I've noticed quite a few mobile games on the Android platform recently that prompt you to download their assets package when you first run the game. As an example, The Sims 3 is available for iOS and Android devices (Android Marketplace, Apple App Store) but the iOS version seems to be much larger in size and as such probably doesn't use this system.
I can think of several advantages and disadvantages to doing this:
Advantages (to developer):
- The game's store page reports the size of the app as much smaller than it is.
- When a patch or update is released you don't need to download the entire application again. (Does the App Store release patches, or do you need to download the whole app again)?
Disadvantages (to developer):
- You need to provide your own bandwidth and ensure download availability.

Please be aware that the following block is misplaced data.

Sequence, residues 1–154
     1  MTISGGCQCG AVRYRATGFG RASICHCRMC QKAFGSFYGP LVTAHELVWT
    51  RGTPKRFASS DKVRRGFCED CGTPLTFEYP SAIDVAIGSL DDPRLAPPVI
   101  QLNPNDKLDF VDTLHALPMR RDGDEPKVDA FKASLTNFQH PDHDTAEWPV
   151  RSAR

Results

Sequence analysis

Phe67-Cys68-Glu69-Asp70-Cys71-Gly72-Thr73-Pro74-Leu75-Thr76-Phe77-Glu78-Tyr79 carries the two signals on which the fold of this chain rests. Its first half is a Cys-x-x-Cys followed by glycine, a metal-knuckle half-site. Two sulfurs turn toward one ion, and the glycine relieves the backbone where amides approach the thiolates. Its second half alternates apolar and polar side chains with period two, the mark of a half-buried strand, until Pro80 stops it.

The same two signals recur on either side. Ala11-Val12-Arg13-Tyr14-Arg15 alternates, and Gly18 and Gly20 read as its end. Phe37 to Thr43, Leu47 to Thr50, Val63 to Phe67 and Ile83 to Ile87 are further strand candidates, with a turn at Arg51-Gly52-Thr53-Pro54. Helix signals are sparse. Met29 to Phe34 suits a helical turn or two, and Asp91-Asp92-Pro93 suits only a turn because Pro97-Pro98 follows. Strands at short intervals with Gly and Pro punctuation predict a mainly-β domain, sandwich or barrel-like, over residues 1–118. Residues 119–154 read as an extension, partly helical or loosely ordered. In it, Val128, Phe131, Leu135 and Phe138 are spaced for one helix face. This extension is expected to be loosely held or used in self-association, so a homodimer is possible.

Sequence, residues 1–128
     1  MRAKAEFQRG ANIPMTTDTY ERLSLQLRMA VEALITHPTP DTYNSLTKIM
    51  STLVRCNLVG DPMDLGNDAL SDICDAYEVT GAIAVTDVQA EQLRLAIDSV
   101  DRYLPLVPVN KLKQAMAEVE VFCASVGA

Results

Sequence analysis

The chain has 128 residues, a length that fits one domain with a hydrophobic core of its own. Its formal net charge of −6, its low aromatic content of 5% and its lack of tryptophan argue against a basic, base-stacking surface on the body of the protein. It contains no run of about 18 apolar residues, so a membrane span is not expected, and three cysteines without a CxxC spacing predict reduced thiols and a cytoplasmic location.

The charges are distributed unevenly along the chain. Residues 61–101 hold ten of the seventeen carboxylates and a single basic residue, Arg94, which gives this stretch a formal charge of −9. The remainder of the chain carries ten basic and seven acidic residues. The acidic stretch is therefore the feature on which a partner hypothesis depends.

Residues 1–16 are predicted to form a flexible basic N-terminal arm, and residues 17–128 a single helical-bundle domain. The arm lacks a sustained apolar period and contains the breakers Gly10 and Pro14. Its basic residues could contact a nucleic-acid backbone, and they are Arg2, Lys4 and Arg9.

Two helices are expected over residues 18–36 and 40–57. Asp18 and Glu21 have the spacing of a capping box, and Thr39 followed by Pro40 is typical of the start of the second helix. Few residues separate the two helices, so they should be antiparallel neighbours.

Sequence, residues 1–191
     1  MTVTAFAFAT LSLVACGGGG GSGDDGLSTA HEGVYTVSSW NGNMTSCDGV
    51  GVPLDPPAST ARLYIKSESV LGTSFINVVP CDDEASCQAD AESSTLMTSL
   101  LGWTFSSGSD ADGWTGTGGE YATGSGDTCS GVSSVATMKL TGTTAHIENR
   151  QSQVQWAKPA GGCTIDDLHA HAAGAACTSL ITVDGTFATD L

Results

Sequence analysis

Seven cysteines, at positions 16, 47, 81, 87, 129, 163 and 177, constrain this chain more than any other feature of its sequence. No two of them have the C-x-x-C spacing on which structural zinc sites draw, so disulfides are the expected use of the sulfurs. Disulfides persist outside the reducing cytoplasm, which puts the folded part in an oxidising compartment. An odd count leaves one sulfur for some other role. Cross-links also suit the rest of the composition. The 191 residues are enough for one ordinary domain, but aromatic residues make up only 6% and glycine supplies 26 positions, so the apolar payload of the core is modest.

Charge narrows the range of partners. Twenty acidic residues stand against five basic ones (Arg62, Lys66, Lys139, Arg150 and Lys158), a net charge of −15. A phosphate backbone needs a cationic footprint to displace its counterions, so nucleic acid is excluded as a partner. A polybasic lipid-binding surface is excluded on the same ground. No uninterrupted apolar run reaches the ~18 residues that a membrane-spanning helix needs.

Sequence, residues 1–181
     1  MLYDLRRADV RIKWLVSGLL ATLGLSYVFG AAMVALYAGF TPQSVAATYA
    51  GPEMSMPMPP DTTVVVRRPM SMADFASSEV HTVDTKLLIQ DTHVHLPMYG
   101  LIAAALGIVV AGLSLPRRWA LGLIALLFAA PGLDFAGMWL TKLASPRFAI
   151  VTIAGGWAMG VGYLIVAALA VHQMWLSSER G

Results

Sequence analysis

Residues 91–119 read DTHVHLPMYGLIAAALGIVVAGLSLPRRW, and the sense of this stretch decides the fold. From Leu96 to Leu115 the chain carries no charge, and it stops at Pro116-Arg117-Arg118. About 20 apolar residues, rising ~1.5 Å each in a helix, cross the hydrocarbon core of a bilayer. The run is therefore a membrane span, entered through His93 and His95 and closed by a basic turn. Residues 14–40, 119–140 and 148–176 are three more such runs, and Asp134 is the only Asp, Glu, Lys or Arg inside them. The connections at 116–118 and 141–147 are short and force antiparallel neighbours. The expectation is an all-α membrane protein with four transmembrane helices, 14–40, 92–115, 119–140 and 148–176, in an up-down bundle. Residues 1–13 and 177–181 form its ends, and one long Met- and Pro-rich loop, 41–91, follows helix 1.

- You need to poll your server for updates in the assets and ensure that you make assets available for old versions of the game.
Advantages (to a consumer):
- You don't need to ensure you have space for app+assets before installing. Downloading the package manually means you can install the libs/logic/executable on your device and the assets on eternal storage such as SD card, rather than installing all to the device and moving afterwards.
- It could be possible to download lower resolution versions of the assets depending on install device (somewhat unnecessary for Android as the market provides a way of supplying different packages to different devices)
Disadvantages (to a consumer):
- More difficult for app to enforce that download is done over wifi rather than using up their contract bandwidth.
While I understand that direct comparisons of the two methods are difficult, I'm looking for statistics/reports preferably of the same app with control and sample groups. If that's not available, can anybody with experience with this method indicate whether users preferred not bundling assets? Does user opinion on this vary based on platform? Does the value to users outweigh the extra effort for the developer?